Oh Father (Film Thoughts: The Father)

Anthony Hopkins gives another masterful performance in ‘The Father,’ and it is one of his bests. In Florian Zeller’s film, he plays the titular character, a character who is suffering from dementia, and Zeller not only tells us a story, he puts right smack and center inside the mind of Hophins’ character. The film is set in London, and in n the beginning of the film he is speaking to his daughter, Anne, who tells him he will have a new caregiver. She has met someone, and is moving to Paris to be with her new beau. But the next scene sees Anthony with another man, who is supposed to be Anne’s husband of ten years, and it seems Anthony is living with her Ann and her husband at their home, only now Anne is another woman.

The film is part mystery, part drama, and all affecting. It is based on Zeller’s play and I could now imagine the production. As an audience, we experience the confusion, the shock of this disease. As I said Hopkins is so effective that we see, and more importantly, we feel what someone like him is going through, making the film an unforgettable watch. I am still thinking about it. I bet you will be as haunted.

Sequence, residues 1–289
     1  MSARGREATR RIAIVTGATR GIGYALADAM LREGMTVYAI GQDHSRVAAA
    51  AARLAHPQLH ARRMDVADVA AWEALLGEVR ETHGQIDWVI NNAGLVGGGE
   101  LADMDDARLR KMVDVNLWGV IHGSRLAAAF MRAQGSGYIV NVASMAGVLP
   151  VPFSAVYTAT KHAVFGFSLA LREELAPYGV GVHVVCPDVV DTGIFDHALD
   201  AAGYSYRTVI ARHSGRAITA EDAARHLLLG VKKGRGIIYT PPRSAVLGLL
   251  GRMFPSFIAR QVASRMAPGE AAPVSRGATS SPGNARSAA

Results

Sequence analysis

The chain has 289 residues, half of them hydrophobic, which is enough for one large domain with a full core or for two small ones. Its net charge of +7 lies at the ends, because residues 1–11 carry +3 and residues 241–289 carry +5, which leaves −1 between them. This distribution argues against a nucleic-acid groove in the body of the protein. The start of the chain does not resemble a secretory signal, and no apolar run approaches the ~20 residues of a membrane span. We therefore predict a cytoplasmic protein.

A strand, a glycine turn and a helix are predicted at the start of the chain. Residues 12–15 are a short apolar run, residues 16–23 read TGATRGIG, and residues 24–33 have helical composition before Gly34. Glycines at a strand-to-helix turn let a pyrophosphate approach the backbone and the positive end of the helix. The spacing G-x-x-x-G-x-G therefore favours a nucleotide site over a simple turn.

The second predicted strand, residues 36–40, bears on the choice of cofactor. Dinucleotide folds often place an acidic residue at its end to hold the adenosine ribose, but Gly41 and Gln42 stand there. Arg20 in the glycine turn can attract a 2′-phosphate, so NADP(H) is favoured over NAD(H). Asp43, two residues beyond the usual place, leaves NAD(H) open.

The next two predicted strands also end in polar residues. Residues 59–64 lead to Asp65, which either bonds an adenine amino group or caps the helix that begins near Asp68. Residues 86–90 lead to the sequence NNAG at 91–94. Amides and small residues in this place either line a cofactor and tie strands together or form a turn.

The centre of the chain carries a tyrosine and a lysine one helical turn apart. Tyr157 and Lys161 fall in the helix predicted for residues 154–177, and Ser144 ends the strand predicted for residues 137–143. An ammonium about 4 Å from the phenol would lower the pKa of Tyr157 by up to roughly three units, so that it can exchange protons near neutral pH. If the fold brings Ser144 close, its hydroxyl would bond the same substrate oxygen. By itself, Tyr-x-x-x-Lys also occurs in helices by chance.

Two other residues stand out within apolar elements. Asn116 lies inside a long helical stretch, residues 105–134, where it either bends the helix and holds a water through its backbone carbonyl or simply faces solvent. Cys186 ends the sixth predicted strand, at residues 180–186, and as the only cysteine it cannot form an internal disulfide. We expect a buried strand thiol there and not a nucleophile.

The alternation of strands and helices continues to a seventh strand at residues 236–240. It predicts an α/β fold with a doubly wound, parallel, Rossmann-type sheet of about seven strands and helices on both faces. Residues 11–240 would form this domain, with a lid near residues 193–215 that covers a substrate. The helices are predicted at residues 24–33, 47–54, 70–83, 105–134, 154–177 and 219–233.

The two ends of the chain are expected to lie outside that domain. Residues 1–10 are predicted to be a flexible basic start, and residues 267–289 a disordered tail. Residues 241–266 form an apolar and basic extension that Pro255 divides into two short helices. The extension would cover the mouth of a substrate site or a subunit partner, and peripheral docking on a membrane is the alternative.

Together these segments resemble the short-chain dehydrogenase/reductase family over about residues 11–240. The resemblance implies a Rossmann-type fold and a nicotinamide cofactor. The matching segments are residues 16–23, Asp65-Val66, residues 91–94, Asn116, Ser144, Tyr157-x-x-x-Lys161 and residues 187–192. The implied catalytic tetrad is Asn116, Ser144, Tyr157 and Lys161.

Don’t Cry For Me, Argentina (Film Thoughts: The Two Popes)

the-two-popes-600x889Talk about mixed feelings.  On one hand, as a film, I thoroughly enjoyed ‘The Two Popes,’  directed by Fernando Mereilles. It’s a great story – Pope Benedict and Pope Francis, played by Anthony Hopkins and Jonathan Pryce – who succeed each other. It’s a celebration of what’s great in humanity, about two people agreeing even enjoying each other’s company even if they disagree about fundamental things in life. One is a conservative who wants things to stay the same, the other wants to adapt to the changing world. It shows how we can all agree to disagree and live peacefully, and could be a great metaphor for all the political divisions in the world. It is certainly a great example of fine acting by both actors – Pryce has the meatier role and have gotten more attention but I think Hopkins more than holds his own. It certainly can make you feel good, and as someone who was raised a Catholic, it gave me a sense of pride in the Catholic faith. As a film, it sets out successfully what it was meant to do.


Its message is dangerous. It’s total fiction, and one should really read this great article in order to fully comprehend its negative impact. First of all, we need to give weight to allegations that Pope Benedict could be a Nazi sympathizer. Plus, the movie makes it seem like he is resigning to give way to more progressive leanings. The truth is probably closer tot he fact that the church, under his leadership, is guilty of several crimes, including hiding sexual assaults from Catholic priests. In this case, one might accuse the film of whitewashing these sexual harassment allegations. And of course, the two Popes talk about the church helping the poor, but at the same time the film shows us all the opulence of the church – can you imagine how much food can be bought if they sold one of their precious paintings?

So this leaves me in a dilemma – should I laud the film as effective entertainment? Or expose the impact of its untruths?